If 2020 was the year I discovered the joy of listening to books, then 2021 has been all about digging into the experience—figuring out which narrators I love, which kinds of stories I connect with, not being afraid to sample a bunch at a time so that I always have a library full of in-progress titles ready for me to go. What I’ve found is that, often, my favorites aren’t necessarily the books getting the most praise, which makes me even more eager to spread the word about them.
Below are some of the year’s best under-the-radar listens, whether for their engaging narrators, compelling storylines, transportive world-building, or all of the above.
A cryptozoologist-turned-novelist collects the stories of the “beasts”—Sorrowful Beasts, Joyous Beasts, Impasse Beasts—who live alongside humans in a fictional Chinese city alled Yong’an, but starts to realize there’s more to these creatures than those in charge want humans to believe; pretending their existence is less meaningful than humans’ makes it much easier to subjugate them with impunity. It’s a moody, ruminant, and magical exploration of humanity, consciousness, and love.
In the near-ish future, Kobo is a cyborg who works for the Big Pharma-led MLB, scouting impressive scientists who can create the best, newest enhancement drugs to pump through the players. When his brother, a super-famous player on the Monsanto Mets, is murdered on the field, he sets out to solve the mystery—all while staying a step ahead from debt collectors after him for his many body-swapping procedures. This is a great sci-fi noir mixed with a criticism of capitalistic greed.
Spurred by her aunt’s tragic death from Chagas, aka “the kissing bug disease,” investigative journalist Daisy Hernández dives deep into the history of the underreported illness—which disproportionately affects immigrant Latinx communities—and exposes the political systems that have allowed it to spread so widely with little national attention.
I’ve been shouting about this book, and specifically Szabo’s narration, since I started it last week. Truly it’s a work of art, only elevated by Szabo’s conversational reading. The private journal format lends itself particularly well to audio; it often feels like the protagonist, Isa, is speaking directly to you as she describes her summer spent in New York with her best friend Gala. The two are there doing “nothing” which really means doing everything—collecting cultural and social experiences and financing it with odd jobs (off the book, since they aren’t legal citizens) wherever they can find them. It’s so sharp and funny but also a perfect critique of privilege.
Lemon is a murder mystery that doesn’t really care about who did it—what’s really compelling is what happens to the people in a highly publicized murder’s orbit, years after the case has gone cold. The slim novel centers on the murder of 18-year-old Kim Hae-On in 2002 South Korea, aka the High School Beauty Murder, and looks at the lingering effects on three women connected to it: her little sister and two former classmates. It’s a powerful take on the collective obsession with true crime, especially when the victim is a beautiful young woman.
In early 20th-century Harlem, riddled with crime and illness, widowed DeLilah Mosby makes the heartbreaking decision to send her young son to live with her family in the south for safekeeping after he witness a mob murder. Years later, her daughter Selma’s infant is snatched from her carriage on a shopping trip, but the NYPD dismisses crime when the victims are Black—until the department’s first Black officer takes on the case. It’s the perfect blend of mystery and historical fiction.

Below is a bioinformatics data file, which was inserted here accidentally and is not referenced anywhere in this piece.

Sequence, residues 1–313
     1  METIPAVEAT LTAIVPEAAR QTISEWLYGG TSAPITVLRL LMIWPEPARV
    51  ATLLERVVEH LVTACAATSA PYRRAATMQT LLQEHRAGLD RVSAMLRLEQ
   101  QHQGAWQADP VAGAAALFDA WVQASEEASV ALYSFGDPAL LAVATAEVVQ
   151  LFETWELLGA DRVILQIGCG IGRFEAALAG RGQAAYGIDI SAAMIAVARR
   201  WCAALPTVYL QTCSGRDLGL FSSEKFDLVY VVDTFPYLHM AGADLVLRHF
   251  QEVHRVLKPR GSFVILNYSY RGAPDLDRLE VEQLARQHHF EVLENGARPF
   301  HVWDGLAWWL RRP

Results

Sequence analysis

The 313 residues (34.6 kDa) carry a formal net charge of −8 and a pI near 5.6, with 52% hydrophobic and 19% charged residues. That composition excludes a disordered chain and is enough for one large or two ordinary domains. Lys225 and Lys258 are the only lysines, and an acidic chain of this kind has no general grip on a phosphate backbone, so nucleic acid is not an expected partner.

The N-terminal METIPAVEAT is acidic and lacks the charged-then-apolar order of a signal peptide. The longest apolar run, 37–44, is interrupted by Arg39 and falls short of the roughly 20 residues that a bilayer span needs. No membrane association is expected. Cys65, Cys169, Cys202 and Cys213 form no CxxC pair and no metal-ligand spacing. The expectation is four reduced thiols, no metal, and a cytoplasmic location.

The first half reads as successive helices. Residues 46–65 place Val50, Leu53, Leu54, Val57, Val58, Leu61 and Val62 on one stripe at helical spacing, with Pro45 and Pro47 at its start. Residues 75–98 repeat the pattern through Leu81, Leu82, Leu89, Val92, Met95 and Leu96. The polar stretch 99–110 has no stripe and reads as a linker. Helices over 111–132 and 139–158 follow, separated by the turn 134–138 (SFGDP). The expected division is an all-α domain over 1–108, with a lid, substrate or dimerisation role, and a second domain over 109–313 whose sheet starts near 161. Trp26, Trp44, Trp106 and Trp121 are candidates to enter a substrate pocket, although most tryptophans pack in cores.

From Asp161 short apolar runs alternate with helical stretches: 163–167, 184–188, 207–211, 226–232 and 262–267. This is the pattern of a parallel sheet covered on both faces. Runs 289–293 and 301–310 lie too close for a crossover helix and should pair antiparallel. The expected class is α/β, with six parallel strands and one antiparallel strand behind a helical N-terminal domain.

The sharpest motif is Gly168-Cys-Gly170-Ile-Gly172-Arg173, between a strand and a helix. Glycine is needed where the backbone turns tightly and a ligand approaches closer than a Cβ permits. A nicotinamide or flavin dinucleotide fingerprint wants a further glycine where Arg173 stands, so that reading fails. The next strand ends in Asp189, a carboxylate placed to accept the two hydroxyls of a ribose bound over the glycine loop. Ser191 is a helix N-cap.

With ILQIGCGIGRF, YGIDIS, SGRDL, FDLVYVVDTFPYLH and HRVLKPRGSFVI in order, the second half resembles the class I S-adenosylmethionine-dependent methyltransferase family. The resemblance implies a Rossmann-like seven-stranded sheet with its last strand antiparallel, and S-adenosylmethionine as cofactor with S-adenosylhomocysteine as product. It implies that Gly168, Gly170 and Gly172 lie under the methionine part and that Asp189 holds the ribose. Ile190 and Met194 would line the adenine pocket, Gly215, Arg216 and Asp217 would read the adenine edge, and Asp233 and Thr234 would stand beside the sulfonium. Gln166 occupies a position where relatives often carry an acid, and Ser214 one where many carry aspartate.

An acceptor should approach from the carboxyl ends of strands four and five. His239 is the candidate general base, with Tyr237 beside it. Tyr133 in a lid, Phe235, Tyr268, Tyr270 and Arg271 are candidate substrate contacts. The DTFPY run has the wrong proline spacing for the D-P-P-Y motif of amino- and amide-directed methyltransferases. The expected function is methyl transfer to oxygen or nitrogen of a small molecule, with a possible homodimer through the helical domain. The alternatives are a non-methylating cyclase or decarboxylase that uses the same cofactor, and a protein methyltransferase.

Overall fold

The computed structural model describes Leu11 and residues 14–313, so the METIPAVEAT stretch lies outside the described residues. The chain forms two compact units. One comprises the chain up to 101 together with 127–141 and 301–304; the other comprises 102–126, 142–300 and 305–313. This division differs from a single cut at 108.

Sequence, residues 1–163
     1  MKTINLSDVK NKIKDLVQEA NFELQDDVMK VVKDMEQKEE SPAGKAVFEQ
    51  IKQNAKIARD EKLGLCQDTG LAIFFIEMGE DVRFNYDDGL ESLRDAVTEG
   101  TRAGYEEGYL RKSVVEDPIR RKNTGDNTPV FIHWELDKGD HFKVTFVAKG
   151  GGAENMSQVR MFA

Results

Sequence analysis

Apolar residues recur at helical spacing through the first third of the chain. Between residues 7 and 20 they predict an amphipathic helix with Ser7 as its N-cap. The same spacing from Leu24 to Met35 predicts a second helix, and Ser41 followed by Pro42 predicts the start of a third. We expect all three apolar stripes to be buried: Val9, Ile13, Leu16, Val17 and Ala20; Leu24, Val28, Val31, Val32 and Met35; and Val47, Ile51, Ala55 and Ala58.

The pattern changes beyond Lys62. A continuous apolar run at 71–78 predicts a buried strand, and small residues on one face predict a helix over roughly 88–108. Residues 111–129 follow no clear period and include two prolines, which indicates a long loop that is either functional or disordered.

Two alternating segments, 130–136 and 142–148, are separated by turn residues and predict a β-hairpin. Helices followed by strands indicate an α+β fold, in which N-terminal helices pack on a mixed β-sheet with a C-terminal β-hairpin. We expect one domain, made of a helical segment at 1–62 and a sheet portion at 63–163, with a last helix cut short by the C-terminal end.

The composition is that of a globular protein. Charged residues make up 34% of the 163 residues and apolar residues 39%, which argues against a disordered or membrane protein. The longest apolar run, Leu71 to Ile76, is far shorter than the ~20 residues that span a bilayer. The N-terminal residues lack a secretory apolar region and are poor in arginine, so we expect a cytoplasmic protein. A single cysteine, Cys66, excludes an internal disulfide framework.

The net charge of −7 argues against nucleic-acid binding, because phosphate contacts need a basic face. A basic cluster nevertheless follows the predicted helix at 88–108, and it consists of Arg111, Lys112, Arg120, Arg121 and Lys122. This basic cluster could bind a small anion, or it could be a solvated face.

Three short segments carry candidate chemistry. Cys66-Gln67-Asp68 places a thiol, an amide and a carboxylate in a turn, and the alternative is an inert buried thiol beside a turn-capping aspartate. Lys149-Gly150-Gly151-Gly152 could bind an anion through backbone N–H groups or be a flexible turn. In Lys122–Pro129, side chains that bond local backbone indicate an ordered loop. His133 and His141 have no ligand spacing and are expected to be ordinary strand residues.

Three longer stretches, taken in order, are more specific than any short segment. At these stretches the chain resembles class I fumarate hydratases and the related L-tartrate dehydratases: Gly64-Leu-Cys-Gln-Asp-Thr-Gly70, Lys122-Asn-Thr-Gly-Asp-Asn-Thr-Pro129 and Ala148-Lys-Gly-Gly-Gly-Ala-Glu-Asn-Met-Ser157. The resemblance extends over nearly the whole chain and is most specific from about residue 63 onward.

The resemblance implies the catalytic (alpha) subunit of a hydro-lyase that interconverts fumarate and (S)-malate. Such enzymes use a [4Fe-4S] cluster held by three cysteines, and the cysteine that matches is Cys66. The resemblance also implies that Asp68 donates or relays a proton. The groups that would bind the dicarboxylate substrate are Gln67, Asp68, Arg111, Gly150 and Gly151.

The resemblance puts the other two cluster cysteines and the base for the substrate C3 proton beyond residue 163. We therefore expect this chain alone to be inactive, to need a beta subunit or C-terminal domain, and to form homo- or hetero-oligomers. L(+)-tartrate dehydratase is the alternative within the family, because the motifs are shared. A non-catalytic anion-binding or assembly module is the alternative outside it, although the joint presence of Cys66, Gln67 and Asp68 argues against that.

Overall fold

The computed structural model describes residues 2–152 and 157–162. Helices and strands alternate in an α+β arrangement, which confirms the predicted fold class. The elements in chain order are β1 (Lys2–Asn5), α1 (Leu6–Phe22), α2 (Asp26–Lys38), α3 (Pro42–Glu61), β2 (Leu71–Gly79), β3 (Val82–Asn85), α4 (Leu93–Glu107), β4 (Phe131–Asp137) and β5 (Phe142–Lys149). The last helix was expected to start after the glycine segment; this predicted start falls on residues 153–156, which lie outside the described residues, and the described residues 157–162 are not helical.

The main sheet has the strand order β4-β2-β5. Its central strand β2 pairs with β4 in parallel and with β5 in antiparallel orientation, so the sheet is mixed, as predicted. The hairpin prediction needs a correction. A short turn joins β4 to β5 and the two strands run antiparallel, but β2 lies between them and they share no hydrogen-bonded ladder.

Cultural critic Rebecca Carroll’s affecting and insightful memoir recounts her lifelong journey toward connecting to, and understanding, her identity as a Black woman in the U.S. Raised by white adoptive parents in a rural New Hampshire town with no other Black people, and eventually connecting with her white birth mother who never let Carroll forget her difference, Carroll’s self-exploration expands as she enters college and adulthood, and she narrates her struggles and triumphs with real emotion.
Over the course of a year, a nameless narrator in rural Minnesota cares after her small brood of four chickens. It doesn’t sound like much, but Polzin’s ability to take small, quiet moments of mundanity, and even drudgery, and expand them into profound meditations on loss, love, and resilience. Lowman’s perfect narration is at once soft and powerful.
In London’s Soho, an old, rundown building is at risk of being destroyed to make room for swanky condos funded by a notorious gentrifier. The tenants—a group of vibrant, strong-willed sex workers—refuse to leave without a fight. Mozley has created a Dickensian cast of underdog characters in the tenants but also their neighbors, and she brings the neighborhood to life.
In 2002 Cairo, Nadia Wassef, her sister Hind, and their friend Nihal opened an independent bookstore called Diwan—the first of its kind in Egypt—having little business experience but a ton of passion. Within a decade it grew to ten locations and over a hundred employees, and its fanbase continues to grow. In Shelf Life, Wassef recounts the process of building such an unlikely success, complete with portraits of all of the quirky characters and goings-on in the indie bookstore world. A must-listen for anyone who is passionate about books.
This novella is a quick read, meaning a quick listen, but it packs an emotional punch. Arshi tells the story of a young girl who stops talking while she watches her mother live through a deep and heartbreaking period of depression, as well as their community’s reaction to it. It’s told in fragmented little vignettes that read almost like poetry and envelop you in their lush beauty.